Another day in suburbia. You pack the kids/spouse/grandkids in the car and head out to do a little shopping. Fighting past traffic you pull into the Mall/Galleria/Shopping Center parking lot, thinking to yourself it’s another day of cookie cutter stores/restaurants/coffee shops. When suddenly your eye is caught by something so unexpected, so unusual, so out of place you want to pick up the phone and call the folks at Ripley’s Believe It Or Not. That color, that form and yes – could it even be fragrance? Could these plants blooming in the midst of an exhaust vaporized, asphalt heated parking lot actually be roses!
There is a good chance they might be. And a good chance you might begin to see roses in commercial landscape settings more often in the future. As tough new varieties are introduced and tough old roses are re-discovered, more commercial landscape architects are turning to roses to provide a visual feast for the eyes of folks whose lives’ bring them in daily contact with these urban settings.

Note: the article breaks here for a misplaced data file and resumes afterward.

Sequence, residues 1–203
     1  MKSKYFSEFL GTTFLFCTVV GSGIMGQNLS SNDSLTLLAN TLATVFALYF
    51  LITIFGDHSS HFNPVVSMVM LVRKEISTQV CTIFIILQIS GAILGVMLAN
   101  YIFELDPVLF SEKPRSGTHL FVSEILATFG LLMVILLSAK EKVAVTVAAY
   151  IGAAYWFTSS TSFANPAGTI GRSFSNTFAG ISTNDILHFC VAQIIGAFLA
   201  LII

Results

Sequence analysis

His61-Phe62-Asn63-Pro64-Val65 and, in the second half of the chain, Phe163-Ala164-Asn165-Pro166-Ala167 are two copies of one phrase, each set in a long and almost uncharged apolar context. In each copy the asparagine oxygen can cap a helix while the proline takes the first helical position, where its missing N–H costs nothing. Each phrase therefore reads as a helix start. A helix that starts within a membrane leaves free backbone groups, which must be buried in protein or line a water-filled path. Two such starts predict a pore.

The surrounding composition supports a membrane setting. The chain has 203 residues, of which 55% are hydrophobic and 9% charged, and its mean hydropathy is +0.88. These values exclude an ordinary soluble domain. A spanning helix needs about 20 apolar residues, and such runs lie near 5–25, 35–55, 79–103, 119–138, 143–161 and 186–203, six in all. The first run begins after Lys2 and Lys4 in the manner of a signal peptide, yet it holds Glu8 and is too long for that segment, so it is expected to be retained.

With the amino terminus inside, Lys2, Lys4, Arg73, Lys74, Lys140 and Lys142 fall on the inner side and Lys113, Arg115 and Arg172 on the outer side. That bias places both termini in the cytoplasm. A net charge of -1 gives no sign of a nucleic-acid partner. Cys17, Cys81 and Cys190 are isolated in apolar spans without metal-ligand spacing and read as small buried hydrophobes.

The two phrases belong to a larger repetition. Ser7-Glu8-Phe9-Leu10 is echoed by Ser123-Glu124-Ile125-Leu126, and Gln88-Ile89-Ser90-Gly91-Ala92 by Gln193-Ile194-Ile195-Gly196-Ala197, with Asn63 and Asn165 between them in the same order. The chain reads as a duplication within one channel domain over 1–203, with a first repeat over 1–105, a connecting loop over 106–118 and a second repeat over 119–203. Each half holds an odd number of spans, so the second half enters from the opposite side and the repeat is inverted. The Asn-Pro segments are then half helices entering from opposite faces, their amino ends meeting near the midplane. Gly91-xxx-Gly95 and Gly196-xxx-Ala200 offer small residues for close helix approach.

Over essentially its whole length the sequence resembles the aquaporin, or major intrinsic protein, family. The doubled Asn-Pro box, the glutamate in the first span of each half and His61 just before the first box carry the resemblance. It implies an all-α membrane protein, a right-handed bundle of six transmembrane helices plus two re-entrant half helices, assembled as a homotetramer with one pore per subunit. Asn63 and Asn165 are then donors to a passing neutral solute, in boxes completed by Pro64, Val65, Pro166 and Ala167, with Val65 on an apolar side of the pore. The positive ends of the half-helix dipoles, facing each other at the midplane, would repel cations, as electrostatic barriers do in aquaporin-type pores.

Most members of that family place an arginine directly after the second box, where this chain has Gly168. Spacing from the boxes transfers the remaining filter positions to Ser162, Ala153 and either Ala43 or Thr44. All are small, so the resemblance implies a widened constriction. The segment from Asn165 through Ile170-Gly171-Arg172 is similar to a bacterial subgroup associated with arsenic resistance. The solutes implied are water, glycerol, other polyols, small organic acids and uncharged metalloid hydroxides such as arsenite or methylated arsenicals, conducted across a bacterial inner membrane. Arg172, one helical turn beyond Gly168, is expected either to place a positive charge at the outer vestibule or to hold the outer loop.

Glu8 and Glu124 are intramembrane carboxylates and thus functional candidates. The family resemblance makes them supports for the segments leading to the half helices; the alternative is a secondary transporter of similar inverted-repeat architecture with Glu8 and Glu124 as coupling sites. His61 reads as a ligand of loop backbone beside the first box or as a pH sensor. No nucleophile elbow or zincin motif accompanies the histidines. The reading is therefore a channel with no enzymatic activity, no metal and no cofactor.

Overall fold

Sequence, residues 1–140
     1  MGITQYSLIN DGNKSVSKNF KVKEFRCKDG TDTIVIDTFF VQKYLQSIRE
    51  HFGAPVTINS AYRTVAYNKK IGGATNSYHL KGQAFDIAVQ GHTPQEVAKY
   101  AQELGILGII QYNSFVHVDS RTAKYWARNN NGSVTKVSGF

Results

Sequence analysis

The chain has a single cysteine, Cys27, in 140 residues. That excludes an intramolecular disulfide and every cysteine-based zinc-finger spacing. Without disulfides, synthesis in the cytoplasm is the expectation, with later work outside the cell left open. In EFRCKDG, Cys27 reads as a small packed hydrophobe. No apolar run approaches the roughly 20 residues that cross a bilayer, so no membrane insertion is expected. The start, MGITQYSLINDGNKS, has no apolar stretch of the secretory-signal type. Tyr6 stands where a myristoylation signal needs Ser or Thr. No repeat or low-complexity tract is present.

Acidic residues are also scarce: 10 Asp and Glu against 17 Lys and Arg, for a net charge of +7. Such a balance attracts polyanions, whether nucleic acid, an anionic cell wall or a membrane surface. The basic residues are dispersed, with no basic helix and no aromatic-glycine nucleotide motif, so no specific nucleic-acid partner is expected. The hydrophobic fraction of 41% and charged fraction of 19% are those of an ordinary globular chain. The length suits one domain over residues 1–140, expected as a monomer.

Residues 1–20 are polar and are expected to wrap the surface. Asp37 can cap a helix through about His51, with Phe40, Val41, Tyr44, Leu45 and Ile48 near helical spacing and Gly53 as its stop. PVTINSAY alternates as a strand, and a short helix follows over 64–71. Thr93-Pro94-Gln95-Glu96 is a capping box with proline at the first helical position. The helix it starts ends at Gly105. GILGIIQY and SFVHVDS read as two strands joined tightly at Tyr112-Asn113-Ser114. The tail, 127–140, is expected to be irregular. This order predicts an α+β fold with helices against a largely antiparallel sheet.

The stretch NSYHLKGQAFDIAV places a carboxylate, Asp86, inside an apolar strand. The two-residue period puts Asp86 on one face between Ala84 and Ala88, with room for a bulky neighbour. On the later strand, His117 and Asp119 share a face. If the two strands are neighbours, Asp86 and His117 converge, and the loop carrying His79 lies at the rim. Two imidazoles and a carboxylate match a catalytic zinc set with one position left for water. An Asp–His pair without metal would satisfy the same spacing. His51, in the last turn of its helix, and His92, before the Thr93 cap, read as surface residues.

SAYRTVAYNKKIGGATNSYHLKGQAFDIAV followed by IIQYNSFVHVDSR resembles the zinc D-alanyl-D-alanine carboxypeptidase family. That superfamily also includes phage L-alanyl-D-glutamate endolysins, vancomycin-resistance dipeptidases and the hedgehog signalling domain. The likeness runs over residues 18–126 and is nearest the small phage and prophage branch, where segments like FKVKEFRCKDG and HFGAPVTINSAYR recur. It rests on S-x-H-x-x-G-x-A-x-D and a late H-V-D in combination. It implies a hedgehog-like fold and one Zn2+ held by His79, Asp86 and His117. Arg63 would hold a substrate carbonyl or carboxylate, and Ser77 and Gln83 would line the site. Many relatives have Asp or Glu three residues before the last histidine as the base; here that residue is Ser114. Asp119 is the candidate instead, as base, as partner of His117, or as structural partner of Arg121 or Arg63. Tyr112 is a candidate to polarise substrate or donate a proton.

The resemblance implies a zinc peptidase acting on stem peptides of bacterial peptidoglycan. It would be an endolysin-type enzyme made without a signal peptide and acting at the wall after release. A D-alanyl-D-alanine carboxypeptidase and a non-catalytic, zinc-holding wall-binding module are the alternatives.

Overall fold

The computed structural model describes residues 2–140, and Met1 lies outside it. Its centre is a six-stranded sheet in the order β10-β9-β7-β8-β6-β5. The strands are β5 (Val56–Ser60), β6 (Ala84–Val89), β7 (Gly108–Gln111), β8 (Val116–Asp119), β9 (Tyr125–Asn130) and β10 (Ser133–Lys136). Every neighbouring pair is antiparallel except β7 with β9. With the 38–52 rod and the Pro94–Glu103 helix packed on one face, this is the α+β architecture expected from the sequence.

For many years roses have been considered unable to grow anywhere but in a coddled back yard. Rose introducers in this country did not help by bringing to market mostly roses that fit the myth. Anyone who did landscaping in a commercial setting would never dream of including roses in their plan. Instead, rugged shrubs and ground covers were the order of the day. Tough, green, but not something to give the eye a visual respite from hard surfaces such as walls and sidewalks. Yet recently, a group of designers lead by among others the Dutchman Piet Oudolf began to introduce color and texture through the use of plants such as ornamental grasses. Other designers have also begun to cast their eyes about for additional plants to light up these otherwise mundane settings. Roses are obvious, but are there varieties that could handle these stressful conditions?
In this country enter the Jackson & Perkins Simplicity Roses. J&P broke ground by introducing folks in the United States to the concept of roses that need little, if any care. From there the Meilland series, The Town and Country roses of Poulsen, the Flower Carpet Series and others are all collectively convincing people roses can survive in a commercial setting.